I should point out that I have no idea whether the recipe works with any bread flour or if it has been created specifically for Super U Pain Blanc. I’m averse to writing technical recipes as I’m not a recipe tester but someone who loves cooking. It s also a reason why I feel nothing but sympathy for those who decide to write cookery books as it must be particular circle of hell into which I do not wish to enter.

About Food,Photography & France

Photographer and film maker living in France. After a long career in London, my wife and I have settled in the Vendee, where we run residential digital photography courses with a strong gastronomic flavour.
This entry was posted in 2019, Baking, bread, Cooking, Digital photography, food, Food and Photography, Food photographer, France, Humour, Uncategorized, Writing and tagged , , , , , , . Bookmark the permalink.

14 Responses to Pain…..

  1. Sue says:

    I’m with yo on the f*****g rubbish that passes for bread, and have discovered astall in Borough Market which sells a fantastic dark rye sourdough…good, solid stuff!

  2. Mad Dog says:

    It really is that easy! I used to bake a brown loaf with oats in it twice a week, but Fergus’ sourdough got the better of me, more than a decade ago. I keep meaning to create a sourdough mother from the St. John recipe, but it does need a little more TLC than regular bread.
    Bread Ahead’s brown sourdough, also from Borough Market, is very good – Justin who was the original St. John baker now works for there.
    BTW you have a great looking crust and lovely bubbles on the inside.

    • Hi there, MD…the most surprising thing about the whole episode, which I failed to mention in my post, was the unexpected pleasure I got from working the dough! It felt so good and I felt that I knew what I was doing…I shall definitely make more bread. I think we’re spoiled here as there is plenty of marvellous sour dough and good cereal breads…..but I liked my bread and thanks for the kind words:)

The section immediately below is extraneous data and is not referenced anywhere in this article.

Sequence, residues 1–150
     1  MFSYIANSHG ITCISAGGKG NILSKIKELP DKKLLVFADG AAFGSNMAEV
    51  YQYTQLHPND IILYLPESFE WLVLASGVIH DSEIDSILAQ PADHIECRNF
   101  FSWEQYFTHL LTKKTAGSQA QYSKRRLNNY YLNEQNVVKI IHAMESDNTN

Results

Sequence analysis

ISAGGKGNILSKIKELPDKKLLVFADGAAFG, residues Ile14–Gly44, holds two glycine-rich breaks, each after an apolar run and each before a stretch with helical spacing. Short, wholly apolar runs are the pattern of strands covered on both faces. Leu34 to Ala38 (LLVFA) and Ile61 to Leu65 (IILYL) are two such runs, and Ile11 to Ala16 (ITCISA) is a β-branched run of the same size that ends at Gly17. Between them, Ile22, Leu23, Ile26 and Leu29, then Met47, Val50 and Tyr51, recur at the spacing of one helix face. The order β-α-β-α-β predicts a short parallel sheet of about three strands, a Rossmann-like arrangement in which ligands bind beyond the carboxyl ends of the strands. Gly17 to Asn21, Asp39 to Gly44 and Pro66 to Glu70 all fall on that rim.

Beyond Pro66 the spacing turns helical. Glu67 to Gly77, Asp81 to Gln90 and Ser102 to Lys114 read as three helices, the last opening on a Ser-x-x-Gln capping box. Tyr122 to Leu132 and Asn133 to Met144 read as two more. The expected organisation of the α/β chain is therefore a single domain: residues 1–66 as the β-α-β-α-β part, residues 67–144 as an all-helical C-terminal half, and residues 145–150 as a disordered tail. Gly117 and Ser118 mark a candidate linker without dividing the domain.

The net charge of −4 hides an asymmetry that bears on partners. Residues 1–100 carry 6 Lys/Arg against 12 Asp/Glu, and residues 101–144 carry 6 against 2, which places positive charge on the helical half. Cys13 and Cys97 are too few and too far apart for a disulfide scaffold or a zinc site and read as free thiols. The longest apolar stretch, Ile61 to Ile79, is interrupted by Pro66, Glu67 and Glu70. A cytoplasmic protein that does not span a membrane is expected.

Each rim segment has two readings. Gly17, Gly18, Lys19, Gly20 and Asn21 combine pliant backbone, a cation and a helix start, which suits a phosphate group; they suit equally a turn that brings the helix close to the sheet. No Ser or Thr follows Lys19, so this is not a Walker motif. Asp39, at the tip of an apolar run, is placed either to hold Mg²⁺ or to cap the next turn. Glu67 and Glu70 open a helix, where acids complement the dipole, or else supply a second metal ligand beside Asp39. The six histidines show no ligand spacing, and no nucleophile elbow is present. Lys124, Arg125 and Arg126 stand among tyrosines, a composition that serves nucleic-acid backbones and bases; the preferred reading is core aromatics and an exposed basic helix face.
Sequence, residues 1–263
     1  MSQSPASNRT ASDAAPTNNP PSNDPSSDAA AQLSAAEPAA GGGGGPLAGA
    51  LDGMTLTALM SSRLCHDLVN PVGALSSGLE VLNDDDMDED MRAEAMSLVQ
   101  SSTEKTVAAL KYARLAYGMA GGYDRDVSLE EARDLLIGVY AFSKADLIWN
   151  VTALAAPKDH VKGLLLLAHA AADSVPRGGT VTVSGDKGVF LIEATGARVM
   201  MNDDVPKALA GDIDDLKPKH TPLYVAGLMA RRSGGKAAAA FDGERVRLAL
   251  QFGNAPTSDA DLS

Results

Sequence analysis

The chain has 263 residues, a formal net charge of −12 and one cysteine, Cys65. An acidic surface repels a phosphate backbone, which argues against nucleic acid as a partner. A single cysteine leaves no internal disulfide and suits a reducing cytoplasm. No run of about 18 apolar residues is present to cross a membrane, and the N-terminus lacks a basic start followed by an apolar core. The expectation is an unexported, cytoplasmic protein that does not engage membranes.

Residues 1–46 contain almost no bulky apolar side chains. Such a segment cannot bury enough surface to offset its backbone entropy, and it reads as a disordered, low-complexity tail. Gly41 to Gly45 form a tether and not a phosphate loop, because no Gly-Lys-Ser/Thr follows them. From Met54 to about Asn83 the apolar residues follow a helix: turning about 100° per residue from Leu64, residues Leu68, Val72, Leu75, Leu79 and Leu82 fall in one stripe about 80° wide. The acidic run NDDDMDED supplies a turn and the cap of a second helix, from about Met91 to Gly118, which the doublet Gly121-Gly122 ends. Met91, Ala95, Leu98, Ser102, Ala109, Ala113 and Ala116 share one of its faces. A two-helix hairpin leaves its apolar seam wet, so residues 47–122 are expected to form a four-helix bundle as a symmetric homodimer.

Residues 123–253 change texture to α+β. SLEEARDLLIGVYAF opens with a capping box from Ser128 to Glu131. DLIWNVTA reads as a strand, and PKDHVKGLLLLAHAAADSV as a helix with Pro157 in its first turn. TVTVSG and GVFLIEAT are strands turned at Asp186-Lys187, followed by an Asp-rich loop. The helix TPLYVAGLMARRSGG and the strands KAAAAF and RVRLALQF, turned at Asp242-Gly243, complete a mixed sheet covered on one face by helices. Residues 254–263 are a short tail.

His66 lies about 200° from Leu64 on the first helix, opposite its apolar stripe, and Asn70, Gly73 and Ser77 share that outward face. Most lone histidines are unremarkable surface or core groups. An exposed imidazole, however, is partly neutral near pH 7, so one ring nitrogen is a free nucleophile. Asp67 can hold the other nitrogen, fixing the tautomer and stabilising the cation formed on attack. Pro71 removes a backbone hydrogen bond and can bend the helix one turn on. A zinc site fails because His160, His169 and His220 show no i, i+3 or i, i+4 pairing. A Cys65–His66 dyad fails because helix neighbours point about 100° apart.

3. Your description of a baguette “which is wrapped in a neckerchief of white paper leaving the ends exposed to be be broken off and eaten on the way home” reminds me of the time my wife and I spent visiting our daughter in Aix-en-Provence during her study abroad. We’d pull into the local petrol station in fill up the car and grab a baguette as you describe and proceed to rip it apart and devour it in the car on our way to see the sights in Avignon, or Nimes, or Bandol or wherever that day’s journey was to take us. Thanks for sparking that memory.

  4. catterel says:

    Making bread – one of the most satisfactory kinds of cooking I know. Should do it again!

  5. Nicely done. I so wish we had a decent boulangerie. So we bake our bread. Nothing like fresh baked bread right out of the oven with butter.

Leave a Reply

Fill in your details below or click an icon to log in: Logo

You are commenting using your account. Log Out /  Change )

Facebook photo

You are commenting using your Facebook account. Log Out /  Change )

Connecting to %s

This site uses Akismet to reduce spam. Learn how your comment data is processed.